How the number of housing benefit claimants has soared under the coalition

New figures show that 320,738 more people are claiming housing benefit than in May 2010.

At every opportunity, Iain Duncan Smith and other Conservative ministers seek to give the impression that they're reducing the number of benefit claimants, counterposing themselves to Labour - "the welfare party". But as so often, the statistics tell a different story.

The latest figures from the Department for Work and Pensions show that the number of housing benefit claimants rose by 40,526 to 5.1 million in the year to May 2013, an increase of 320,738 since the coalition came to power. Of the total, nearly a million (987,610) are in work, a rise of 52 per cent (337,059) since May 2010. 

May 2010 4,7521,526

May 2011 4,879,182

May 2012 5,031,738 

Jan 2013 5,070,291  

Feb 2013 5,078,523  

Mar 2013 5,060,689  

April 2013 5,062,172  

May 2013 5,072,264  

It's a reminder that by imposing punitive welfare cuts (the benefit cap, the bedroom tax), rather than addressing the underlying structural causes of the inflated housing benefit bill (substandard wages, the lack of affordable housing, long-term unemployment), the government will only increase the number forced to rely on state subsidy to stay in their homes.

Before the recent Spending Review, Boris Johnson and Vince Cable, among others, urged George Osborne to remove the cap on the cap on councils' borrowing and allow them to build more affordable housing. Boris said:

We should allow London’s councils to borrow more for house building - as they do on continental Europe - since the public sector clearly gains a bankable asset and there is no need for this to appear on the books as public borrowing.

In policy terms, it is a no-brainer. The Chartered Institute of Housing estimates that raising the caps by £7bn could enable the construction of 60,000 homes over the next five years, creating 23,500 jobs and adding £5.6bn to the economy. But for almost entirely ideological reasons, Osborne refused to act. As Vince Cable commented on The Andrew Marr Show last month:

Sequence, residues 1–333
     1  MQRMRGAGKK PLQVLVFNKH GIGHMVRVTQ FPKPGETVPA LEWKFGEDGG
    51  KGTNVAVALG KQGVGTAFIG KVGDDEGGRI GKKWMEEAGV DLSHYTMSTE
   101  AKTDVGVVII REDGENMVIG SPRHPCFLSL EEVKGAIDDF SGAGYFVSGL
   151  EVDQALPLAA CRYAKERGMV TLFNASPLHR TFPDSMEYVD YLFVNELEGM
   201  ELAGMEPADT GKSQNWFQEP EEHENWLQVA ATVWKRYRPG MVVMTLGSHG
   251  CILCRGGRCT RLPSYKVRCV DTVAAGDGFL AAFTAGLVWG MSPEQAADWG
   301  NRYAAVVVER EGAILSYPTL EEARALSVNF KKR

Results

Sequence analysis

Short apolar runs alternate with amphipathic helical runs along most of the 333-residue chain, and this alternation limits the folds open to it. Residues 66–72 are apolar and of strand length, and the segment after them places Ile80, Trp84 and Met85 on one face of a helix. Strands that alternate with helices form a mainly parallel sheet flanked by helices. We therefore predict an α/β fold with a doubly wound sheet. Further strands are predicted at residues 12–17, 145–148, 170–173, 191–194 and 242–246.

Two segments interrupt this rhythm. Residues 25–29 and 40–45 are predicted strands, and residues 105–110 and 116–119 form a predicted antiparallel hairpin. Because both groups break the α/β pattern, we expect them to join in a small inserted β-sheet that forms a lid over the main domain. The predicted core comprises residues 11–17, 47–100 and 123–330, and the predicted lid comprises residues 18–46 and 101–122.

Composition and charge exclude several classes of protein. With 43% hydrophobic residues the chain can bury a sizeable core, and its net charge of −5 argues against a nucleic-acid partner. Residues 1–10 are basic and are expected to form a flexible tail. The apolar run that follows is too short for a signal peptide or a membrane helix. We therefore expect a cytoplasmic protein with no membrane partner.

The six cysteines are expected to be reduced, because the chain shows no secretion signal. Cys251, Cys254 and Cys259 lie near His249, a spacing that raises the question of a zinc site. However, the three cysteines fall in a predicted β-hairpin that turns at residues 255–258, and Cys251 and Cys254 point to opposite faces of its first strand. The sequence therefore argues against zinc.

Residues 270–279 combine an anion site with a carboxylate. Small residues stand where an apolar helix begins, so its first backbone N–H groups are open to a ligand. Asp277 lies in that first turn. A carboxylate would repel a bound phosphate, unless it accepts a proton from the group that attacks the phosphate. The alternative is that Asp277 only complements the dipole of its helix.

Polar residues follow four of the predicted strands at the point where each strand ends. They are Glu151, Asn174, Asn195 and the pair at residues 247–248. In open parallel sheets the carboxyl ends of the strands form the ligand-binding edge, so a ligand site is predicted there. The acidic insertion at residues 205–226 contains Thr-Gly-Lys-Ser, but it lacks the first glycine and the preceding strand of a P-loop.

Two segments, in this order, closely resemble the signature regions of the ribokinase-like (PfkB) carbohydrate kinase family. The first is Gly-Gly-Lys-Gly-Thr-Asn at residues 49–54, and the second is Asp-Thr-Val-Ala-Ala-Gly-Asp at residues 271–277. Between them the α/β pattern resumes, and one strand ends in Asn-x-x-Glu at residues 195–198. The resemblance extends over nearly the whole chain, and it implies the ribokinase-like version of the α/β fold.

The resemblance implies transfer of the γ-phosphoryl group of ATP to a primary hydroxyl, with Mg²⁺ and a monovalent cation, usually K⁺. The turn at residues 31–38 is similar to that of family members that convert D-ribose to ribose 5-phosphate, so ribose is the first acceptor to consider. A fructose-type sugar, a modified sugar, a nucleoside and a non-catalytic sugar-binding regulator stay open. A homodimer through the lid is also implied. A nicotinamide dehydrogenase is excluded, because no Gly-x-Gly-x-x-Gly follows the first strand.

Well that’s where the big gap is [social housing] and certainly as Liberal Democrats at conference, we’re going to be arguing how the government through local councils should be doing much more to build social housing. Absolutely right, that is a big problem area.  Nothing like enough has been done.
There is a better way to reduce the benefit bill than the coalition's salami-slicing: building 1.25 million affordable homes over five years (the level required to meet need), extending use of the living wage and investing more in skills and training. After the government's failure, it will be up to Labour to demonstrate it. 
Work and Pensions Secretary Iain Duncan Smith speaks at last year's Conservative conference in Birmingham. Photograph: Getty Images.

George Eaton is political editor of the New Statesman.

Grant Shapps on the campaign trail. Photo: Getty
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Grant Shapps resigns over Tory youth wing bullying scandal

The minister, formerly party chairman, has resigned over allegations of bullying and blackmail made against a Tory activist. 

Grant Shapps, who was a key figure in the Tory general election campaign, has resigned following allegations about a bullying scandal among Conservative activists.

Shapps was formerly party chairman, but was demoted to international development minister after May. His formal statement is expected shortly.

The resignation follows lurid claims about bullying and blackmail among Tory activists. One, Mark Clarke, has been accused of putting pressure on a fellow activist who complained about his behaviour to withdraw the allegation. The complainant, Elliot Johnson, later killed himself.

The junior Treasury minister Robert Halfon also revealed that he had an affair with a young activist after being warned that Clarke planned to blackmail him over the relationship. Former Tory chair Sayeedi Warsi says that she was targeted by Clarke on Twitter, where he tried to portray her as an anti-semite. 

Shapps appointed Mark Clarke to run RoadTrip 2015, where young Tory activists toured key marginals on a bus before the general election. 

Today, the Guardian published an emotional interview with the parents of 21-year-old Elliot Johnson, the activist who killed himself, in which they called for Shapps to consider his position. Ray Johnson also spoke to BBC's Newsnight:


The Johnson family claimed that Shapps and co-chair Andrew Feldman had failed to act on complaints made against Clarke. Feldman says he did not hear of the bullying claims until August. 

Asked about the case at a conference in Malta, David Cameron pointedly refused to offer Shapps his full backing, saying a statement would be released. “I think it is important that on the tragic case that took place that the coroner’s inquiry is allowed to proceed properly," he added. “I feel deeply for his parents, It is an appalling loss to suffer and that is why it is so important there is a proper coroner’s inquiry. In terms of what the Conservative party should do, there should be and there is a proper inquiry that asks all the questions as people come forward. That will take place. It is a tragic loss of a talented young life and it is not something any parent should go through and I feel for them deeply.” 

Mark Clarke denies any wrongdoing.

Helen Lewis is deputy editor of the New Statesman. She has presented BBC Radio 4’s Week in Westminster and is a regular panellist on BBC1’s Sunday Politics.